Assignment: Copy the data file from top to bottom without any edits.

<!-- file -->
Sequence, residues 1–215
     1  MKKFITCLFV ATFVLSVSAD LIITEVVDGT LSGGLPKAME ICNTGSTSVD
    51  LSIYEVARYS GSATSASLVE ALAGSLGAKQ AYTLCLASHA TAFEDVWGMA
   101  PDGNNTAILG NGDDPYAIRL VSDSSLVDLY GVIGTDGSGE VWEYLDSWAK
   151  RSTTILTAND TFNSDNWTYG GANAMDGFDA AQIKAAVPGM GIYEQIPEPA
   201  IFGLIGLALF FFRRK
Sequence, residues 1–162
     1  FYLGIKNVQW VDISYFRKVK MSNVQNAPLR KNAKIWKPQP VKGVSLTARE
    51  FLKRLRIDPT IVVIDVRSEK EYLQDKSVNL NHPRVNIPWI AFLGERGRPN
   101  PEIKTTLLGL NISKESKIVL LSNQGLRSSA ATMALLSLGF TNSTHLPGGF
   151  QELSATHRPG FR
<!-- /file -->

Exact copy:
Sequence, residues 1–215
     1  MKKFITCLFV ATFVLSVSAD LIITEVVDGT LSGGLPKAME ICNTGSTSVD
    51  LSIYEVARYS GSATSASLVE ALAGSLGAKQ AYTLCLASHA TAFEDVWGMA
   101  PDGNNTAILG NGDDPYAIRL VSDSSLVDLY GVIGTDGSGE VWEYLDSWAK
   151  RSTTILTAND TFNSDNWTYG GANAMDGFDA AQIKAAVPGM GIYEQIPEPA
   201  IFGLIGLALF FFRRK
Sequence, residues 1–162
     1  FYLGIKNVQW VDISYFRKVK MSNVQNAPLR KNAKIWKPQP VKGVSLTARE
    51  FLKRLRIDPT IVVIDVRSEK EYLQDKSVNL NHPRVNIPWI AFLGERGRPN
   101  PEIKTTLLGL NISKESKIVL LSNQGLRSSA ATMALLSLGF TNSTHLPGGF
   151  QELSATHRPG FR